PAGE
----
Kerstin Forsberg SIMarEST, who was awarded the IMarEST’s Stanley Gray Fellowship last year to support her PhD research into elasmobranch conservation and fisheries management, has been presented with the prestigious Whitley Award (which is amongst the most high profile of conservation prizes and is often referred to as a “Green Oscar”) for her work in protecting giant manta rays in Peru.
The award was presented by HRH The Princess Royal at a ceremony at the Royal Geographical Society in London last night. Kerstin, Founder of Planeta Océano, is one of six Whitley Award winners recognised for their work with local communities to protect threatened wildlife and their habitat around the globe.
Kerstin’s passion for the environment began as a child and later saw her working with sea turtles as an undergraduate biology student. In 2011, she became involved in manta ray conservation in Peru, working with local fishers and volunteers to study and conserve these marine titans.
Peru and Ecuador are thought to be home to the largest giant manta ray population in the world. With extremely low reproduction rates, mantas are at greater risk of extinction and their 7-metre wingspan makes them prone to becoming tangled in fishing gear. Targeted for local consumption and for their gill plates (which are used in Chinese medicine), the last 75 years have seen localised population declines by up to 80%.
Whilst a dead manta is worth $40-500 USD, manta ray tourism can bring in $1 million USD during the life of a single ray. For the first time in Peru, fishers are being supported by Planeta Océano to develop responsible manta ecotourism. With new income streams from tourism, fishers are starting to release incidentally-captured mantas with the knowledge that they are worth more alive.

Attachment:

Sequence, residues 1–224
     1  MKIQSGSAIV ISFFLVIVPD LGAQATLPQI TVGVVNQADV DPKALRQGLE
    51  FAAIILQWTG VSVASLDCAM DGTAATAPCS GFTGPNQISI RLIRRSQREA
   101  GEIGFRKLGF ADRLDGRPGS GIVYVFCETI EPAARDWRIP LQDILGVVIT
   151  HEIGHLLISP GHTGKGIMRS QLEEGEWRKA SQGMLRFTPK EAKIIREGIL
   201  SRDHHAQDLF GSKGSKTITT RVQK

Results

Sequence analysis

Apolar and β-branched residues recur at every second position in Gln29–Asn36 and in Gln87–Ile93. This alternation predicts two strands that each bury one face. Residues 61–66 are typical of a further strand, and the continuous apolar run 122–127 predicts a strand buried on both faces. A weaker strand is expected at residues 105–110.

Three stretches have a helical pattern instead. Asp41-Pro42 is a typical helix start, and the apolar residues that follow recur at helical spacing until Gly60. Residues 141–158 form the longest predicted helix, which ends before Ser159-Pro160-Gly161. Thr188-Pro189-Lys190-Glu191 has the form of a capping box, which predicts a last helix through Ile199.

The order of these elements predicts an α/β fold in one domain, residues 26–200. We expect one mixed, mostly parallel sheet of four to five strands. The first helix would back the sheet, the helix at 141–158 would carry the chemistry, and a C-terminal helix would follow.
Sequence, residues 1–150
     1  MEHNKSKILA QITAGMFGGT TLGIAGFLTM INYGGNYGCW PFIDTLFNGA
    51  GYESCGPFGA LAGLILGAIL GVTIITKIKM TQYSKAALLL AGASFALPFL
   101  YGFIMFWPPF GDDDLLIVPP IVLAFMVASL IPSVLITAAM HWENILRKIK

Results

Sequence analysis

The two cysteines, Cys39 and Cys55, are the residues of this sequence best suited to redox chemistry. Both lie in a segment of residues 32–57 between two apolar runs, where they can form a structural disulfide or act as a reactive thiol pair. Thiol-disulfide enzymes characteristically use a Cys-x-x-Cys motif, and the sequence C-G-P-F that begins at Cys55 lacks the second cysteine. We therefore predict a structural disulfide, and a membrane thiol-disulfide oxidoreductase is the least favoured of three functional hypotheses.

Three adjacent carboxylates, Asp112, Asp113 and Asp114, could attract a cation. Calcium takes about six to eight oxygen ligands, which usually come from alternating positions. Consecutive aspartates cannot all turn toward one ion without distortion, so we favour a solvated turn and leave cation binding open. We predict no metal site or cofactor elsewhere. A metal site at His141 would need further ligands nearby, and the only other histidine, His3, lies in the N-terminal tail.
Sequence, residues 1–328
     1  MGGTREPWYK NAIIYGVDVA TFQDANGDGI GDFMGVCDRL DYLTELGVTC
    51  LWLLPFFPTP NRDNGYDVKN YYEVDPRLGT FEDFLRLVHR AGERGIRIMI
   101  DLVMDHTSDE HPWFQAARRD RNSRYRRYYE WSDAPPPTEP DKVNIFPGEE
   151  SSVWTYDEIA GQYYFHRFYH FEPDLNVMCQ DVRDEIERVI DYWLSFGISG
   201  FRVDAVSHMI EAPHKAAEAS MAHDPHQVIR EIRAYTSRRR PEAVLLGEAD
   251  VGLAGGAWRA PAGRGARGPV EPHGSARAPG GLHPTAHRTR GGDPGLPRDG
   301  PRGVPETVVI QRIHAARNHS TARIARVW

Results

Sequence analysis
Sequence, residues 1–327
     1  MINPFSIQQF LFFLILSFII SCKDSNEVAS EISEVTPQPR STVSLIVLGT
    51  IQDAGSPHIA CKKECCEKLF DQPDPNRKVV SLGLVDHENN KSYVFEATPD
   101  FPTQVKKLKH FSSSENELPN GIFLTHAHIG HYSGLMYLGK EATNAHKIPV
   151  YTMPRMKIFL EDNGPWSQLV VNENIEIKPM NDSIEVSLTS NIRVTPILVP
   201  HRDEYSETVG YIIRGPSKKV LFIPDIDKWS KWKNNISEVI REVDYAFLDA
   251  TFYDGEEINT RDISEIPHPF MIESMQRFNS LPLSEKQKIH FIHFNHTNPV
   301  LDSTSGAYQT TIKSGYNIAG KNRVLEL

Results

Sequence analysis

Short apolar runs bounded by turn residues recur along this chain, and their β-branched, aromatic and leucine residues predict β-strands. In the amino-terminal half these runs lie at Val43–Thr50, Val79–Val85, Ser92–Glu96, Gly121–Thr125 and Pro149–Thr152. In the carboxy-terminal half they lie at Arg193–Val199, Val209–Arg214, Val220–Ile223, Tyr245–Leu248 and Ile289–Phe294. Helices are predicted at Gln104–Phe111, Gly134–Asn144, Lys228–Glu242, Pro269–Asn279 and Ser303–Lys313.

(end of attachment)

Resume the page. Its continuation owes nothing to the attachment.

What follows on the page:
Kerstin’s NGO has already gained legal protection for giant manta rays in the Peru. Her Whitley Award work will continue to tackle threats to mantas and reduce accidental bycatch of the species. Fishers will be given technical and financial support to benefit from ecotourism, 100 citizen scientists will be engaged with monitoring and education programmes scaled up to reach youth in Peru & Ecuador.
Edward Whitley, Founder of the Whitley Fund for Nature, said: “Kerstin’s commitment to marine conservation has helped mobilise action to ensure that giant manta rays persist in our oceans, and is using her entrepreneurial spirit to demonstrate they are worth more alive. We are especially pleased to be recognising Kerstin, as part of our 25th anniversary, and wish her every success.”
Kerstin said: “My passion for environmental conservation has been an important part of my life since I was a child. I didn’t imagine that my passion would have such an impact on marine life. We are all part of this planet ocean and it depends on all of us to conserve it.”
The winners will each receive £40,000 in funding to support their work to conserve some of the planet’s most endangered species and spectacular places.
This year’s Whitley Gold Award honours Pablo (Popi) Borboroglu, who is spearheading a campaign to protect endangered penguins across the globe. Pablo has already achieved dramatic conservation success, helping to protect more than 3.1 million hectares of marine and coastal habitats. The Gold Award, worth £60,000, will enable Pablo to justify ocean protection and underpin management for different species of penguins across Argentina, Chile and New Zealand.
2018 Whitley Award winners:
Ensuring the survival of DRC’s eastern lowland gorillas
Receiving the Whitley Award donated by Arcus Foundation
Majestic giants: safe passage for manta rays in Peru
Receiving the Whitley Award donated by The Corcoran Foundation
Conserving Rwanda’s emblematic grey crowned crane
Receiving the Whitley Award donated by The Savitri Waney Charitable Trust
Tortoises in trouble: Community conservation of Asia’s largest tortoise
Receiving the Whitley Award donated by The William Brake Charitable Trust in memory of William Brake
Game of poisons: a strategy to save Kenya’s threatened vultures
Receiving the Whitley Award donated by WWF-UK
Leopards as a flagship for wildlife corridors
Receiving the Whitley Award donated by Garfield Weston Foundation